If you share a computer you know how important it is to keep your personal data and surfing habits private. You could always use the Private Browsing feature, but what if you forget? You can clear your session data by using the Reset feature in Safari.
I like to have the quickest access possible to folders on my desktop, which usually means putting something onto the taskbar if possible. You can add the Computer menu as a folder on the taskbar for the easiest access to your drives. You could also use this tip for any folder you want.
Flip3D is pretty much the most useless feature in Windows Vista (and 7). It’s slower than Alt+Tab and pretty much completely worthless in every way. You’d be much better off using one of the Expose clones out there (Switcher, MyExpose, SmartFlip, etc) or you can completely disable this feature with a simple registry patch.
My favorite feature in the latest version of VMware Workstation is that you can run virtual machines entirely in the background. This is most useful for “appliance” machines that you won’t actually use from the prompt, but through a web browser or ssh client.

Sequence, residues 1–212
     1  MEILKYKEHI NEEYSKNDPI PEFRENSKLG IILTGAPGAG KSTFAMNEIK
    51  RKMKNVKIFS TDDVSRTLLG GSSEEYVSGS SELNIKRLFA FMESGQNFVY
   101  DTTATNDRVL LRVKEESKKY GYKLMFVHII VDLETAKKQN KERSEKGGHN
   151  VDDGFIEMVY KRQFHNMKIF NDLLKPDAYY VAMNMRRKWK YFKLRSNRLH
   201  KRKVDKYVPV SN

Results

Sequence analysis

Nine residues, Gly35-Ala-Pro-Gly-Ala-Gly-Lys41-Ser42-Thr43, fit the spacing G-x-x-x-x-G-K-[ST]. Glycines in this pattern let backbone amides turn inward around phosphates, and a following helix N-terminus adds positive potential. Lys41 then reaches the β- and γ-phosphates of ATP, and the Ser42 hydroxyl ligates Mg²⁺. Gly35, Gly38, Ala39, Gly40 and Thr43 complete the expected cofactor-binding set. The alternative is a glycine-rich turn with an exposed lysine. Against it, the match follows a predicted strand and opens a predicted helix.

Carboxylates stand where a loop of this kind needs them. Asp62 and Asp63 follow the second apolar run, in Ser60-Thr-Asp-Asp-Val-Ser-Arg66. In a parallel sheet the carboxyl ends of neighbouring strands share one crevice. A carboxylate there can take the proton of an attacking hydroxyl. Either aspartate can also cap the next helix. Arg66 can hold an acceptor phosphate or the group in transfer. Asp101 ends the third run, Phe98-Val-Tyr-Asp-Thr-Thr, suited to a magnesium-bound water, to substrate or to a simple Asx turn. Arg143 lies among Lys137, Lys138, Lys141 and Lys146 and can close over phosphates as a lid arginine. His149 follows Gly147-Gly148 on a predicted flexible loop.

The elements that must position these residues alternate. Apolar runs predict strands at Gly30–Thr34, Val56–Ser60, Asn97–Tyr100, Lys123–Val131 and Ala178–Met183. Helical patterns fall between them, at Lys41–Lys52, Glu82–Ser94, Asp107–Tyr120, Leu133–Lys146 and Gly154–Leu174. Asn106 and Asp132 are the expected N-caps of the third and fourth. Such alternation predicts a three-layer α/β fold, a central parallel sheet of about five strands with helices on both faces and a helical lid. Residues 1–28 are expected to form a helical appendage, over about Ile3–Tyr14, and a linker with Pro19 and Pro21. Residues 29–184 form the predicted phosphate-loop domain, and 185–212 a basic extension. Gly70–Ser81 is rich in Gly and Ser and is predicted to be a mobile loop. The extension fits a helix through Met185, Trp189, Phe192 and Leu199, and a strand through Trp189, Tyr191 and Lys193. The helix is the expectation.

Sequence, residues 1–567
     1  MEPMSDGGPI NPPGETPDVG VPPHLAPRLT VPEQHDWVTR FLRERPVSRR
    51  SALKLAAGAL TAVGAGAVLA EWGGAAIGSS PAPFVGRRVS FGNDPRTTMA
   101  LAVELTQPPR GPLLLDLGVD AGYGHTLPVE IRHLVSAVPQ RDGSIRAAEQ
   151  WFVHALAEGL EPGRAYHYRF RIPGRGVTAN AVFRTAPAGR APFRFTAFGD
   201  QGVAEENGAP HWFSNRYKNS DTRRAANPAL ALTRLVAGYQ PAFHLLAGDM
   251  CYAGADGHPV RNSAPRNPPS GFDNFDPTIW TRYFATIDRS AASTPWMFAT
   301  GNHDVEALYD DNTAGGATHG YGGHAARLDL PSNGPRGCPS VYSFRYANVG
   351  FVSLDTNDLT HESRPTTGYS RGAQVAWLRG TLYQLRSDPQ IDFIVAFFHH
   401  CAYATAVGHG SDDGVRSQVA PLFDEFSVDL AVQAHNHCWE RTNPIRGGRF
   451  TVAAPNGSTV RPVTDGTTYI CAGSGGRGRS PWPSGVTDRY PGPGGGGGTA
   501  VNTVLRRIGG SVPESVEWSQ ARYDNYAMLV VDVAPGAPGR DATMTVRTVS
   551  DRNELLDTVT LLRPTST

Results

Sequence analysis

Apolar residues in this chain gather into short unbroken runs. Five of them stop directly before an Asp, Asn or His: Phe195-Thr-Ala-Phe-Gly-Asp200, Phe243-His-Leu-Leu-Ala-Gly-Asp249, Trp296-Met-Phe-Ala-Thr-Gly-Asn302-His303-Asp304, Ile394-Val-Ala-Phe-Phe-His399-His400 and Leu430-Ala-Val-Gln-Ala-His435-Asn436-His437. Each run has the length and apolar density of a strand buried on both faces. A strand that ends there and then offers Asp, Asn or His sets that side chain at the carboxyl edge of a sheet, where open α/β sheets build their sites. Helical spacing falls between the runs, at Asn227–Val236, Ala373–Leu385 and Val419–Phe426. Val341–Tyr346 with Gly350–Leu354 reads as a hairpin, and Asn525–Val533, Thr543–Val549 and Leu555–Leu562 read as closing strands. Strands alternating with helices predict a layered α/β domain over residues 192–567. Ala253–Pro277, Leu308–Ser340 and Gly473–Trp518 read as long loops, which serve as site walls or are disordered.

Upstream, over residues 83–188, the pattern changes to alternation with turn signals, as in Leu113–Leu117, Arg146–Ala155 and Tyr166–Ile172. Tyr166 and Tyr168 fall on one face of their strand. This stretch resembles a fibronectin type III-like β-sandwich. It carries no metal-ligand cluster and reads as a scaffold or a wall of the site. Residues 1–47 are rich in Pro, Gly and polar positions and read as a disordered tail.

The new Safari browser has a very nice RSS reader built right in. For those of you that aren’t familiar, RSS (Really Simple Syndication) feeds are the wave of the future. You can get articles in your inbox, browser, or desktop feed reader without actually having to check every site on your list.
Web browsers today have evolved into incredible free software tools for Internet management. Apple’s Safari Web Browser now available for Windows is yet another choice for the web savvy. One built in feature that caught my attention is the Private Browsing feature. This allows you to hide your surfing tracks during any given session. What is really nice is the fact it’s integrated in right from the install. There are no plug ins to download, install, and configure.
I’m not a toolbar fan, especially if the bar takes up my viewing space, so I always try and find the most minimal setup possible.